Andres Oppenheimer

Latin America’s big education innovation

Here’s an interesting innovation that is taking place in Latin America: A company is paying for the college education of thousands of students in exchange for their commitment to pay back a small percentage of their salaries when — and if — they get a job.

Lumni, an education investment fund that describes itself as “a pioneer in human capital financing,” has already paid for the university studies of 7,000 young people in Chile, Colombia, Mexico and Peru. It has also started a pilot program with 27 students in the United States.

The big question is whether it is a great alternative for the millions of students who can’t afford a good higher education, or a risky deal that, without proper regulation, could turn students into modern-day indentured servants.

Unlike with bank loans, students who get a job after graduation under the new income-share agreements only pay a fixed percentage of their income — typically between 10 and 15 percent — for a period that most often doesn’t exceed six years. The students’ obligation is complete at the end of the mutually agreed period regardless of the sum they paid, company officials say.

There is no collateral, no co-signers, no interest payments, just a business contract between Lumni and the students. If students don’t pay their obligation back, Lumni can go to court to collect on its debt.

“We don’t lend money, we invest in students,” Lumni co-founder Felipe Vergara told me. “With us, students can reduce their risk of not finding a job or not earning a good salary after graduation.”

Some students who don’t get well-paying jobs after graduation end up paying back less money than they got, but most end up paying more, because they get better jobs, Vergara says. That way, Lumni can remain profitable and attract new investors, he added.

The company, which was conceived about 10 years ago in Colombia, plans to reach a cumulative total of 30,000 students over the next five years.

Why not encourage companies to donate scholarships, rather than invest in these so-called income-share agreements? I asked Vergara.

“If you ask a big corporation to make a donation for college scholarships, they may give you money to help 10 students. But if you offer them a profitable investment in students’ education, they will pay for 100 or 200 students,” he responded.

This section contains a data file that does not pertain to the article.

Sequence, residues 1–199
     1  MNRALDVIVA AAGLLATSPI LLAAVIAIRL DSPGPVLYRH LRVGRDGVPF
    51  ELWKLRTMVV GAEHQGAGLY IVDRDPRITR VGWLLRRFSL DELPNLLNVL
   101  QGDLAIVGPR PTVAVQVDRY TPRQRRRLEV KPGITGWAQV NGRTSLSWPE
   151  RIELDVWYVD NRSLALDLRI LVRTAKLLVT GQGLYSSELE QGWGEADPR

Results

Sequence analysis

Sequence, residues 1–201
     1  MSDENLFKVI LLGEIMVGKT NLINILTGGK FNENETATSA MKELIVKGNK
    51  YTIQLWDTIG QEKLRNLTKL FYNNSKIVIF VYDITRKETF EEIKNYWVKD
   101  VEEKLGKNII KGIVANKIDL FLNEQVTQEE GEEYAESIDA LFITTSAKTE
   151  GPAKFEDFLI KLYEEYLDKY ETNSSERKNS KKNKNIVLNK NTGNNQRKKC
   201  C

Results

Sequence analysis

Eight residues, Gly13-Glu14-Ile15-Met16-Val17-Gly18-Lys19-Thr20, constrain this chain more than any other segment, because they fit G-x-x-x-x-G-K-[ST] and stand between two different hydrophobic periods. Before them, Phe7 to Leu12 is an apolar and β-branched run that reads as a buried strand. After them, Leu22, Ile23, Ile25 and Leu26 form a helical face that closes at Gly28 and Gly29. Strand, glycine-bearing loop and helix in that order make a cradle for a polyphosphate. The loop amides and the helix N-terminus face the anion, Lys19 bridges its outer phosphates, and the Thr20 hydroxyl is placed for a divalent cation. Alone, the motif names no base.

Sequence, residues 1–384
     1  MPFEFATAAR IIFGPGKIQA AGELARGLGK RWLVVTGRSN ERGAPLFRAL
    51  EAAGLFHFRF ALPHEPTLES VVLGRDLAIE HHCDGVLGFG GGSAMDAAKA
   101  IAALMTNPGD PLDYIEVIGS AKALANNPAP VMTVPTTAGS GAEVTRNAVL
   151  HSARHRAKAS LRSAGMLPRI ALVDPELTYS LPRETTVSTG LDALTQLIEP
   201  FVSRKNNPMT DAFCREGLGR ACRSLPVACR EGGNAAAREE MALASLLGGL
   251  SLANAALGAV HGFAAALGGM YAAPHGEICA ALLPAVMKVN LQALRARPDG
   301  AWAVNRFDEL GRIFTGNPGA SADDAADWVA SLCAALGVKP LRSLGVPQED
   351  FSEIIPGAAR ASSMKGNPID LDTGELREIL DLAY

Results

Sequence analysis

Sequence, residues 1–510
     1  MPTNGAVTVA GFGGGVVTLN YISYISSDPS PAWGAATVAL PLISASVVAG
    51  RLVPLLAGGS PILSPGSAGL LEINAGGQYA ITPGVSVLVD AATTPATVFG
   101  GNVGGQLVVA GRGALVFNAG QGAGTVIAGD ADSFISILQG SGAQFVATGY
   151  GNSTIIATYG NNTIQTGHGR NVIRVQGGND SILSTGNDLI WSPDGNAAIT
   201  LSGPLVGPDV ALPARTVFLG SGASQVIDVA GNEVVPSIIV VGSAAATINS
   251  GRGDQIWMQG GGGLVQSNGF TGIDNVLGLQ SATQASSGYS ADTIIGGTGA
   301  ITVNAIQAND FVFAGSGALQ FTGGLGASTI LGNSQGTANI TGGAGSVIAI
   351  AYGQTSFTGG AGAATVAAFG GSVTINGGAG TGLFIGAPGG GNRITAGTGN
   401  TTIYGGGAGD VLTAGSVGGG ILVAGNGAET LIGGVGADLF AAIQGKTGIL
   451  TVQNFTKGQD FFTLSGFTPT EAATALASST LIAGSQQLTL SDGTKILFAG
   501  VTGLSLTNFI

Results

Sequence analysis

Some education experts see these pay-forward financial vehicles as a great solution for Latin America, in part because very few banks in the region provide affordable student loans.

“In a region where fewer than 20 percent of students graduate from college, any innovation that expands the funding opportunities for disadvantaged youths is welcome,” says Gabriel Sanchez Zinny, author of Education 3.0: The struggle for talent in Latin America. “It's very difficult to dramatically expand education in the region just relying on philanthropy.”

Others are more skeptical, noting that some of the most developed and highly educated countries, such as Finland, not only offer free education but often pay students extra money to remain in school. In a global economy that is increasingly driven by knowledge, it’s governments’ responsibility to invest in students’ college education, they say.

Fernando M. Reimers, a Harvard University professor of international education, told me that “Lumni makes an important contribution, and its financial model based on graduates’ income is innovative. But like any innovation, it has its risks. And the risk for students is using the money to pursue studies that won’t result in wage increases big enough to justify the debt they are incurring.”

He added, “These risks could be significantly reduced by providing precise information about the salaries earned by graduates of various fields of study, and by consumer protection programs to educate students about the real financial commitment they are making.”

My opinion: Sure, for-profit investment funds for college students pose risks. Without proper regulation, young people without the right guidance could be lured by unscrupulous investors into signing unfair contracts that could bind their incomes for many years. (Last week’s Miami Herald series on dishonest recruiting tactics by some for-profit U.S. colleges is a good reminder of this danger.)

But in a region where many students cannot even afford to study in free-tuition state universities, let alone private ones, because they need to work, and where low-interest student loans are a rarity, income-share agreements are an idea worth pursuing. With proper regulation, Lumni-styled companies could help millions to finish college across the Americas.